FIG. 10 shows details of the bootstrap circuitry 44 and the voltage controlled current source 32, and an alternate embodiment of the low side voltage limiting circuitry 34 illustrated in FIG. 9. The bootstrap circuitry 44 includes a first resistive element R1, which may have a very high value of resistance. Instead of the first and second diode elements CR1, CR2, the low side voltage limiting circuitry 34 includes first and second n-type metal oxide semiconductor (NMOS) transistor elements 46, 48, which are configured as diode elements. The voltage controlled current source 32 includes a third PMOS transistor element 50. A source of the third PMOS transistor element 50 is coupled to the DC power supply DCSUPPLY. A drain of the third PMOS transistor element 50 is coupled to the first common input COMIN1, and a gate of the third PMOS transistor element 50 receives the current source control signal HSC.

FIG. 11 shows details of the DC bias circuitry 36 illustrated in FIG. 8. A second resistive element R2 is coupled in series with a third resistive element R3 to form a resistor divider, which is coupled between the DC power supply DCSUPPLY and GROUND. A fourth capacitive element C4 is coupled in parallel with the third resistive element R3 to provide filtering. The division point of the resistor divider provides the DC bias signal DCBIAS.

Alternate embodiments of the present invention may use different circuitry to regulate the first regulated current I1 based on the first and second oscillator output signals OSCOUT1, OSCOUT2. Alternate circuitry may be used to provide a DC bias voltage between the first and second outputs OUT1, OUT2 and the first and second control inputs CONT1, CONT2.

An application example of a quadrature RF power amplifier is its use in a frequency synthesizer 52 in a mobile terminal 54, the basic architecture of which is represented in FIG. 12. The mobile terminal 54 may include a receiver front end 56, a radio frequency transmitter section 58, an antenna 60, a duplexer or switch 62, a baseband processor 64, a control system 66, the frequency synthesizer 52, and an interface 68. The receiver front end 56 receives information bearing radio frequency signals from one or more remote transmitters provided by a base station. A low noise amplifier (LNA) 70 amplifies the signal. A filter circuit 72 minimizes broadband interference in the received signal, while down conversion and digitization circuitry 74 down converts the filtered, received signal to an intermediate or baseband frequency signal, which is then digitized into one or more digital streams. The receiver front end 56 typically uses one or more mixing frequencies generated by the frequency synthesizer 52. The baseband processor 64 processes the digitized received signal to extract the information or data bits conveyed in the received signal. This processing typically comprises demodulation, decoding, and error correction operations. As such, the baseband processor 64 is generally implemented in one or more digital signal processors (DSPs).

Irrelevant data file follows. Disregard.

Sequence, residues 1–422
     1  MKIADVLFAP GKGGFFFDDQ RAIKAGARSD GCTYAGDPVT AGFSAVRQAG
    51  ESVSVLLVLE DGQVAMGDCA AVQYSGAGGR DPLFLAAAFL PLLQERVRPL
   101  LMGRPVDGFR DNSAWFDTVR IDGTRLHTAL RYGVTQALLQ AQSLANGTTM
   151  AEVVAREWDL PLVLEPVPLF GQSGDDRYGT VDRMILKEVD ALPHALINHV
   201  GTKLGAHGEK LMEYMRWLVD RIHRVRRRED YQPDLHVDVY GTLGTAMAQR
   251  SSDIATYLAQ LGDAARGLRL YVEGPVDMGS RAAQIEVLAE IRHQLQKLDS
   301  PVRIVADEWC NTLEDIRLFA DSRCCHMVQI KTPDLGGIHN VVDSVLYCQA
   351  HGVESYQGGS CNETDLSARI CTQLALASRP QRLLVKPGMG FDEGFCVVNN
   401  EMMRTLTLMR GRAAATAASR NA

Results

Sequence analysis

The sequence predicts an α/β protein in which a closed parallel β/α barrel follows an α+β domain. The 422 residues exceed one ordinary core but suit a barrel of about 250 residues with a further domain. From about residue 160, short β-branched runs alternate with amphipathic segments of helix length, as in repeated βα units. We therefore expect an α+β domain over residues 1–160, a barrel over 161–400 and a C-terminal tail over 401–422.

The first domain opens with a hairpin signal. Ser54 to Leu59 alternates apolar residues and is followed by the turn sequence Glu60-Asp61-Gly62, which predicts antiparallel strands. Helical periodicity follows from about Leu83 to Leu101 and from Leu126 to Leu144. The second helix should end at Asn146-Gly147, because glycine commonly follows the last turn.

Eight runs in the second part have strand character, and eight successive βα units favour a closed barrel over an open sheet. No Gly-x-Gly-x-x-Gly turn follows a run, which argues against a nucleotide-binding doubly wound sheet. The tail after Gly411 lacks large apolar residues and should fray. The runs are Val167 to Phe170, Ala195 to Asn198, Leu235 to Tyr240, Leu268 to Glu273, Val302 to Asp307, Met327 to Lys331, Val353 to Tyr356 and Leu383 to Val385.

On the transmit side, the baseband processor 64 receives digitized data, which may represent voice, data, or control information, from the control system 66, which it encodes for transmission. The encoded data is output to the transmitter 58, where it is used by a modulator 76 to modulate a carrier signal that is at a desired transmit frequency. Power amplifier circuitry 78 amplifies the modulated carrier signal to a level appropriate for transmission, and delivers the amplified and modulated carrier signal to the antenna 60 through the duplexer or switch 62.

A user may interact with the mobile terminal 54 via the interface 68, which may include interface circuitry 80 associated with a microphone 82, a speaker 84, a keypad 86, and a display 88. The interface circuitry 80 typically includes analog-to-digital converters, digital-to-analog converters, amplifiers, and the like. Additionally, it may include a voice encoder/decoder, in which case it may communicate directly with the baseband processor 64. The microphone 82 will typically convert audio input, such as the user's voice, into an electrical signal, which is then digitized and passed directly or indirectly to the baseband processor 64. Audio information encoded in the received signal is recovered by the baseband processor 64 and converted by the interface circuitry 80 into an analog signal suitable for driving the speaker 84. The keypad 86 and display 88 enable the user to interact with the mobile terminal 54, input numbers to be dialed, address book information, or the like, as well as monitor call progress information.